Pravesh Jung Golay engaged with General Semantics at a theoretical level by explaining it withi the framework of the Aristotelian and Non-Aristotelian systems of logic. He demonstrated how General Semantics needs to be seen as a post-war reflection on development which has of course been a concern for various other approaches as well. Dr. Golay pointed out that non-Aristotelian systems in the twenty-first century engage with some of the same age-old pertinent questions about the relationship between language and reality. He elaborated on the implications of a language mirrored reality which is subject to constant change. He explicated Korzybski’s concern regarding the premises that justify the acceptance of a non-Aristotelian system wherein Korzybski holds the idea that his system is not anti-Aristotelian; it is in tune with time-binding and indexing and highlights differences in the contexts of relative truth. With Korzybski, language does not become chaotic – it only goes on to accommodate the contingency of the situation. Dr. Golay also dealt with the issue that General Semantics tends to invoke two extreme responses – either it is perceived to be akin to spirituality or it is seen to be “nothing new”. The pressing question here is: how do we bring about the transformation from a rigid, definable world to a world that is understood (in language) partially?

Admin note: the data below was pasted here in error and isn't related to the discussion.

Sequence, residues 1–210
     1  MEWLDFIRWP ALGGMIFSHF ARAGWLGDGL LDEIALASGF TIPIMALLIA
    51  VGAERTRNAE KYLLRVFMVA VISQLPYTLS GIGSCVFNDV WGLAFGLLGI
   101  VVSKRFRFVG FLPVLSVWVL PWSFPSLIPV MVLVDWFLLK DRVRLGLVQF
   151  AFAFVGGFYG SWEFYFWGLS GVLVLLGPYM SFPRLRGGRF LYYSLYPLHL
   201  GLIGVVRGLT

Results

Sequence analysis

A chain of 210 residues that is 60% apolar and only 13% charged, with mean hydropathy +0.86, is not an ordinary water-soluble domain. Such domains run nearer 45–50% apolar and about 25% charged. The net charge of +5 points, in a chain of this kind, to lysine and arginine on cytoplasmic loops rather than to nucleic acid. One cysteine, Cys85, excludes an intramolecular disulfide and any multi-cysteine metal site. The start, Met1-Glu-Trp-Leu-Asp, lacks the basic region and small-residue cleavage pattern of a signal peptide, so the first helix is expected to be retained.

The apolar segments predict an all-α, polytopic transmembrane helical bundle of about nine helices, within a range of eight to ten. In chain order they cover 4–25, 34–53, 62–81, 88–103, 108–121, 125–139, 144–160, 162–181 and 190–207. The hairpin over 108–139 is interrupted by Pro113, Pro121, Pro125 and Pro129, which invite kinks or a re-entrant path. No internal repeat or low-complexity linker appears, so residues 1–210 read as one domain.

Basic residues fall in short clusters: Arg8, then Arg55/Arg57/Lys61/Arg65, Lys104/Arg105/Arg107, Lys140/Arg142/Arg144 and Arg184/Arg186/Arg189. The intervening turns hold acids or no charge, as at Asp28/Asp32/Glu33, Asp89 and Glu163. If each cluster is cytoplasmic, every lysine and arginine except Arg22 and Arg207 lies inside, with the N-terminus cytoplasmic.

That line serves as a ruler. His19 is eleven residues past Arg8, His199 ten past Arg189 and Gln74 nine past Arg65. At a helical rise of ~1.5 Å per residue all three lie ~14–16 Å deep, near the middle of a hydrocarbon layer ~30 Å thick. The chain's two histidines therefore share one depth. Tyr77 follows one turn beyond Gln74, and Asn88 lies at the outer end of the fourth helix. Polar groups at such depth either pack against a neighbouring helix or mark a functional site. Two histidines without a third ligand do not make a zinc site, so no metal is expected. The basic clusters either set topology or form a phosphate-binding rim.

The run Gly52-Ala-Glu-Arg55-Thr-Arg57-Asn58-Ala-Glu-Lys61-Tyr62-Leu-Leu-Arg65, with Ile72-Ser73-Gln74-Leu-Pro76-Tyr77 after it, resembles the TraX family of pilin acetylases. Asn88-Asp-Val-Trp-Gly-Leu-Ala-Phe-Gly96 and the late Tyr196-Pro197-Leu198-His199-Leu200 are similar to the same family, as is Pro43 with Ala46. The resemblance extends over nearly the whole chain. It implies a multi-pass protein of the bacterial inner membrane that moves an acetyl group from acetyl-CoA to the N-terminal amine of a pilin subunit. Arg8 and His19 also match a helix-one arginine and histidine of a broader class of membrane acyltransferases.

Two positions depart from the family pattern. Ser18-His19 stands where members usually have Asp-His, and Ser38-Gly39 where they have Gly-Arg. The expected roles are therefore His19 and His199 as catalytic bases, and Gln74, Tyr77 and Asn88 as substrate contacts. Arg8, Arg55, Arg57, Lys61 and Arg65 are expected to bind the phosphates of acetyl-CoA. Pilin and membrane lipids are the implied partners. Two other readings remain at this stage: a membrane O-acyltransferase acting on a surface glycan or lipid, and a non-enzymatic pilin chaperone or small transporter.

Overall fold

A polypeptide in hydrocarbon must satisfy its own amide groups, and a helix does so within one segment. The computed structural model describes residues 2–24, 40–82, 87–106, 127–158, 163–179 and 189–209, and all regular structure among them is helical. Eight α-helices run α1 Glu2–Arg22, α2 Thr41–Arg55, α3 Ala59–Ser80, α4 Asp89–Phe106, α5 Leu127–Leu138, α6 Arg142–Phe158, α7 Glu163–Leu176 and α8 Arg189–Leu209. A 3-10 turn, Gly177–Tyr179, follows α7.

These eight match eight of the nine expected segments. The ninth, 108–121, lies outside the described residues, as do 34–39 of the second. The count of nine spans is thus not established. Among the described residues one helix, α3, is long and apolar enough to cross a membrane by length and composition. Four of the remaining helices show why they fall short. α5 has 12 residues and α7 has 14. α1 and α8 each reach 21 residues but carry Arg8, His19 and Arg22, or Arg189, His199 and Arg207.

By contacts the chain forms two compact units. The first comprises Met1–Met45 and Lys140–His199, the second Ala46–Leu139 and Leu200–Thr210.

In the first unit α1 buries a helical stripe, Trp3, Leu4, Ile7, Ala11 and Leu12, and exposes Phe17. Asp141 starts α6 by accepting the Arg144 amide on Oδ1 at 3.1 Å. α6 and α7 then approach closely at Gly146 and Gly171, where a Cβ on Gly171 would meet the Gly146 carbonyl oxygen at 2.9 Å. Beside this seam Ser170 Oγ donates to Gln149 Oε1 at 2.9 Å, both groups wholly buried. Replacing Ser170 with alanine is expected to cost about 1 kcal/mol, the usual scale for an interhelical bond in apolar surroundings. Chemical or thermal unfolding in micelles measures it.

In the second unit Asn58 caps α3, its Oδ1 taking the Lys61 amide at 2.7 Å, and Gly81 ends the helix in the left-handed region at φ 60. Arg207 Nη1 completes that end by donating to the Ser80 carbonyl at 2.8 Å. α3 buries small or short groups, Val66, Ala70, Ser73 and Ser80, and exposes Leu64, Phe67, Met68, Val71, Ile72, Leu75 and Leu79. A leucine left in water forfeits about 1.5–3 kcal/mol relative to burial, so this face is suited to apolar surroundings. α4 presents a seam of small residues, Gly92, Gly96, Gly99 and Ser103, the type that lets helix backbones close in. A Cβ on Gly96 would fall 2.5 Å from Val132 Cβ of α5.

Prafulla C. Kar spoke about the map/territory collapse where he explained the importance of General Semantics in the light of philosophical/literary musings over space and representation. For him, General Semantics is not a cult, but a process of intervention. It is a critical response to the certainty of modernism – a response which is based on a more careful interpretative and relative mode of understanding. It is not that the territory cannot be mapped but that the map cannot comprehend the complexity of the territory.

 

 

The lectures as well as the presentations by the participants stirred a lot of enthusiasm about the subject among the participants. The critical interventions of the participants enabled to reflect upon the intellectual standpoints that General Semantics leads to. The presentations by the participants touched upon diverse perspectives and ways that borrow a lot from General Semantics as a basic methodology – from language to politics, management to media, journalism and advertising ethics. Some papers focused on tracing parallels for General Semantics in Indian philosophical traditions. A few other papers were critical of General Semantics as a possible approach towards language.